Where Your Treasure Is
Each one of us has a treasure – a treasure that we hold dearly and guard fiercely. Treasures mean different things to different people. For some, ornate homes, fancy cars, fashionable duds, status symbols, padded portfolios, and the like serve as their treasure. They expend time, energy and resources to gain, hoard, and flaunt what the Bible says that moth and rust will eventually corrupt.
Others recognize treasure as something more eternal. They define treasure as the guiding principles of their lives, core convictions by which decisions are made and from which actions flow. At UGST I was able to discover what lie in my treasure chest. Much to my surprise and dismay, those things that once held such luster proved to be nothing more than Fool’s Gold. I lived most of my life believing that achievement equals importance. Or more aptly put, that recognition of achievement equals importance. My identity revolved around accolades and ‘atta’ boy’s’. The ambition of accomplishment proved my worth to others, myself, and, according to my distorted notions, even to God. I was walking a path that followed the expectations of others and serving a God that was highly conditional and rather difficult to please. The saying goes, ‘one man’s trash is another man’s treasure’ but imagine the alarm when I discovered that my own well-guarded treasure was little more than trash.
One by one I removed valuable notions about life from my treasure chest. Not valuable because they held worth but valuable because that’s how things are treated when they have been around for a long time. ‘Accomplishment equals importance’ had to go. ‘What other people think matters the most’ had to be discarded. ‘God loves only a certain version of me’ was put on the curb. At the bottom of the chest, there was a glimmer of light. Having removed the dust I discovered a mirror, and what I saw was at one and the same time the saddest and happiest moment of my life. I saw myself with unkempt hair and sunken eyes and bruised cheeks, full of imperfections and far from the glossy self-image that I had for so long adored. But I also saw reflected in that mirror the hint of glory, the face of Jesus, the image of God that lies in each of His creatures, and I heard in my spirit the words, “I love you just as you are.”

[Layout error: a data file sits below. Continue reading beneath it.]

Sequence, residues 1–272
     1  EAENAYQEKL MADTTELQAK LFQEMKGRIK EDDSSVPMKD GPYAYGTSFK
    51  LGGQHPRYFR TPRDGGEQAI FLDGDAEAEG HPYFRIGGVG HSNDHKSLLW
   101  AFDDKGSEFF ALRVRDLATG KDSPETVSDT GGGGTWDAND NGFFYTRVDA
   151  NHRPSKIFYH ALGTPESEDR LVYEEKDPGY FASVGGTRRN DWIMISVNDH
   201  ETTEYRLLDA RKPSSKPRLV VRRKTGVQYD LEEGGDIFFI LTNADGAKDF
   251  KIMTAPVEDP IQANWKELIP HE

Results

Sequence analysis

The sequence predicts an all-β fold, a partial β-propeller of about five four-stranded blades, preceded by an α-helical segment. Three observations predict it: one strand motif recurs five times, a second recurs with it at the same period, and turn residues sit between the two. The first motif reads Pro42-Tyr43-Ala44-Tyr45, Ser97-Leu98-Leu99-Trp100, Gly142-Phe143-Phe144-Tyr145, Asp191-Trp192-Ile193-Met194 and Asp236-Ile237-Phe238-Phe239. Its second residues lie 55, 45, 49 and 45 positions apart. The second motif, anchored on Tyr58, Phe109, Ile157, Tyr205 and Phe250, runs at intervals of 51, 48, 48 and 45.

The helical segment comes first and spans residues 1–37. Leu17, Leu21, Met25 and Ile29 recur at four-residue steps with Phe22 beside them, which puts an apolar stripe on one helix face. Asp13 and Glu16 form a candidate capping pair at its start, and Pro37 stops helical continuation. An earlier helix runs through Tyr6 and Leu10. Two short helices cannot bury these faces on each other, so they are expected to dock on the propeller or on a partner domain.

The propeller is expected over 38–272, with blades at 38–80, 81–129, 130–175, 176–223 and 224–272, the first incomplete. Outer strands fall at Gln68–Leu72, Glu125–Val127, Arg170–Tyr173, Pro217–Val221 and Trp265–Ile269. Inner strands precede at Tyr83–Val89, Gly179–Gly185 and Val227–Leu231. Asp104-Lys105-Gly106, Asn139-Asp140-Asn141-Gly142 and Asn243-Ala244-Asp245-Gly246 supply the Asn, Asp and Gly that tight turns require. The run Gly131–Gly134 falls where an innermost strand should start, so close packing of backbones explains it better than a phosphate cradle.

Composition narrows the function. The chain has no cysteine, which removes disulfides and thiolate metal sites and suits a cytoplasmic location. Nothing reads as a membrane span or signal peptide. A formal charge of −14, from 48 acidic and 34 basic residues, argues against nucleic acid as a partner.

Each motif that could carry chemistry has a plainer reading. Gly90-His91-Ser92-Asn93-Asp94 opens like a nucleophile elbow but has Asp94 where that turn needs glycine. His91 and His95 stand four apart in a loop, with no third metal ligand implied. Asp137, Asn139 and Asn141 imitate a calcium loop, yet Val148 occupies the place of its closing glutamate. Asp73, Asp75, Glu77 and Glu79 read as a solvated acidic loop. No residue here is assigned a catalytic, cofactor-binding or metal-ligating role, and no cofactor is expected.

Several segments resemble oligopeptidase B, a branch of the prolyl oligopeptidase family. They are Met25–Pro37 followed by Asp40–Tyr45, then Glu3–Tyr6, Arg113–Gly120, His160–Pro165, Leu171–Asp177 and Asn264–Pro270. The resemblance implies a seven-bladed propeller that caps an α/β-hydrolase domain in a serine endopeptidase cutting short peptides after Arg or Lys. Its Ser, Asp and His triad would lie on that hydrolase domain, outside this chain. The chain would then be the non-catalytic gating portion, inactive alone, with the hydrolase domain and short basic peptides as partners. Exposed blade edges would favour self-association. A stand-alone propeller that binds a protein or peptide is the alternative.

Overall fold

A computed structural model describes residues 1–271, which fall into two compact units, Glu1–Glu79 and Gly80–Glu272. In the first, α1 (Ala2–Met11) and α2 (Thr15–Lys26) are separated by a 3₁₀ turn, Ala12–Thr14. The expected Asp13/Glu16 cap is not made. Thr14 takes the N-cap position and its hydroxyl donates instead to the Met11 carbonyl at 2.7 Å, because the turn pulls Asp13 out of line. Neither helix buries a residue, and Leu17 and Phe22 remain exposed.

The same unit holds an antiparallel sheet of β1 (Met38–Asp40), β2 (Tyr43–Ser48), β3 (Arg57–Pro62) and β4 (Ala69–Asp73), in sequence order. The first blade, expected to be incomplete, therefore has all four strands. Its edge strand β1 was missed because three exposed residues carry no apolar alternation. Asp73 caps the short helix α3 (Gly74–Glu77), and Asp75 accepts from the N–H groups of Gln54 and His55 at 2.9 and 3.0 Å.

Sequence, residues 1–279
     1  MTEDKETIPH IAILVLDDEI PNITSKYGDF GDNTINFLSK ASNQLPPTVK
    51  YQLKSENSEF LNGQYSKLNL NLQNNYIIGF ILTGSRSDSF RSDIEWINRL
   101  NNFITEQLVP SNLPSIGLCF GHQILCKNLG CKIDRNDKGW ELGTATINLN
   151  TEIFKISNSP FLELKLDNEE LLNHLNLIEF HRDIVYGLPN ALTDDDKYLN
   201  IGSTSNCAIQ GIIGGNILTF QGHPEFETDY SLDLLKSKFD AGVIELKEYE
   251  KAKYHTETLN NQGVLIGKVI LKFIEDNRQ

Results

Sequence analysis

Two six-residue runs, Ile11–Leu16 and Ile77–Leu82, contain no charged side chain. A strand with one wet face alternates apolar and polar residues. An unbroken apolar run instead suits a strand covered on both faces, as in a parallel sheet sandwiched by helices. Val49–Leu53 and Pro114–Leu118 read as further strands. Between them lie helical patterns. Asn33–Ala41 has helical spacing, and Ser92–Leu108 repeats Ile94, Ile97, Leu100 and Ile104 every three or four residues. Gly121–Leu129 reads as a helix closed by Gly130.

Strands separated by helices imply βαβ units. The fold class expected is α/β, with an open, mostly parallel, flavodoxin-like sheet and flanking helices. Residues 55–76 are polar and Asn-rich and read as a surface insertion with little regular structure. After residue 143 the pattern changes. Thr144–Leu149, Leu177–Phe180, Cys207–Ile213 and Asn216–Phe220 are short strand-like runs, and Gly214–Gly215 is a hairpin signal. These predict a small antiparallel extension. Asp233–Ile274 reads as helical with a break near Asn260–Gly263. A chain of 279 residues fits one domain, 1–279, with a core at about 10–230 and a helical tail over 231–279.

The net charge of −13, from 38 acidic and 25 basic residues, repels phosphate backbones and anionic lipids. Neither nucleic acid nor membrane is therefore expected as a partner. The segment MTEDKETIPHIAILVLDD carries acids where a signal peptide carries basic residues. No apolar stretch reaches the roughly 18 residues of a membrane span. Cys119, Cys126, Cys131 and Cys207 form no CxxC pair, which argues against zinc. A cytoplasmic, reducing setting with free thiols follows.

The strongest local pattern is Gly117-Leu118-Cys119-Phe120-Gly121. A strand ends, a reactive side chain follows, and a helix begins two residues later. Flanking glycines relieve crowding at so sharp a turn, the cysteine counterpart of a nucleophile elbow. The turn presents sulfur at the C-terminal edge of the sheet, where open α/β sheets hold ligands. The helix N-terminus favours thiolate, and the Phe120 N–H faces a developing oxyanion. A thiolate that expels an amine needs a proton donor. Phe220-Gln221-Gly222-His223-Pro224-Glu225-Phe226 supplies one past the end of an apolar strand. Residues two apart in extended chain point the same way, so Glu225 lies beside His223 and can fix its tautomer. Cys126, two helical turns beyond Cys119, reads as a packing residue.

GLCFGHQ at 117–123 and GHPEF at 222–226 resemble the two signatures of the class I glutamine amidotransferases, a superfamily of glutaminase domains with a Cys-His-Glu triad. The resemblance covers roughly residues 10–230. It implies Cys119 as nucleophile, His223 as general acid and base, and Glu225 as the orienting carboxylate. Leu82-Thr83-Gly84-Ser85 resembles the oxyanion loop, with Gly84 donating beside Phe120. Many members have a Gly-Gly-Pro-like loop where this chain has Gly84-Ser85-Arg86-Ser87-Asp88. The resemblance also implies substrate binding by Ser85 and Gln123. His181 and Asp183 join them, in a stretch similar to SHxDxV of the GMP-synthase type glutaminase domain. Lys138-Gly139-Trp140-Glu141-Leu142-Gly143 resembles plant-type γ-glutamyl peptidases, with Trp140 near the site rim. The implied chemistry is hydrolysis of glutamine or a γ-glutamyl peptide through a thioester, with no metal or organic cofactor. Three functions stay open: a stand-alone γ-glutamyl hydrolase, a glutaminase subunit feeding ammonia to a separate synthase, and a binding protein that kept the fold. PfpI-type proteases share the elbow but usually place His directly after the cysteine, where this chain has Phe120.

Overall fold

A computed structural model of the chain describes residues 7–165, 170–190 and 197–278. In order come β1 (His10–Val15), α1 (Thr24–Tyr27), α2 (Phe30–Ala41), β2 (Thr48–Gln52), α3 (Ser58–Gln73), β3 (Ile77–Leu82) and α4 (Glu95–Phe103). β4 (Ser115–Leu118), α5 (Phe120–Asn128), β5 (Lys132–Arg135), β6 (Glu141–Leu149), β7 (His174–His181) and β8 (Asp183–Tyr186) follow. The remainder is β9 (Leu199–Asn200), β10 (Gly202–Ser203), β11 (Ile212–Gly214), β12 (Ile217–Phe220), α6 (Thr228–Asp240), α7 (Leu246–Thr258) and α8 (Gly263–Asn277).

This discovery led to a determination. The power of choice is one of our defining human characteristics. Regardless of how the treasure made its way into my chest, I now possessed the power to discard false notions about God and about me, and I could adopt truths about God’s nature and my status in His sight. I determined that I am important – not because of what I have done – but because of who I am. I am a son of God, redeemed by His blood, and sealed with His Spirit. I believe that God loves me no matter what, and I long to be loved like that.
Other nuggets of truth that I will forever treasure because of my Urshan experience are the sufficiency of Christ and the sovereignty of God. Sufficiency and sovereignty. Fancy twenty-five-cent seminary words, but they succinctly express deep concepts that altered my life. Christ is enough. Jesus is all I need. And you only discover that when He is all you have. I found everything when I had nothing. When my treasure chest was completely empty, only then was I completely full.
And if God loves me this much, He also knows what is best for me. His Will, though at times obscure, (even during my journey at Urshan) is perfect. God prefers character transformation over my comfort and convenience. God allows suffering to come into my life as part of the process of conforming my stubborn will and bitter brokenness into a life and a person and a husband and a father and a pastor that will bring Him glory. Though there will be times I do not understand, and though there will be times that I chafe against it, and thought there will be times that it causes me much heartache and personal pain, God is in complete control, and He knows what is best for me.
Having defined, discovered, and determined my treasure; I am now devoting my life to defending my treasure. Admittedly, not everyone will agree with the decisions I make, but I cannot assume responsibility for others’ reactions, only for my actions. Inevitably, people will offer back to me trinkets from the past kindly and sincerely suggesting, “Why don’t you put this back into the chest?” “Please, don’t let go of that. That really is valuable.” “This one has been in the family for years.” We defend what is most valuable to us. We defend with fences. We defend with boundaries. We defend because it is more than just treasure – it is a matter of core convictions. It is truth about what we believe concerning life, concerning God. So, my pursuit will be to “love the Lord my God with all my heart, mind, soul, and strength, and to love my neighbor as myself” and to encourage others to do the same.
-Graduation Banquet speech by Curt Fee '08: husband, father and pastor in Davenport, IA
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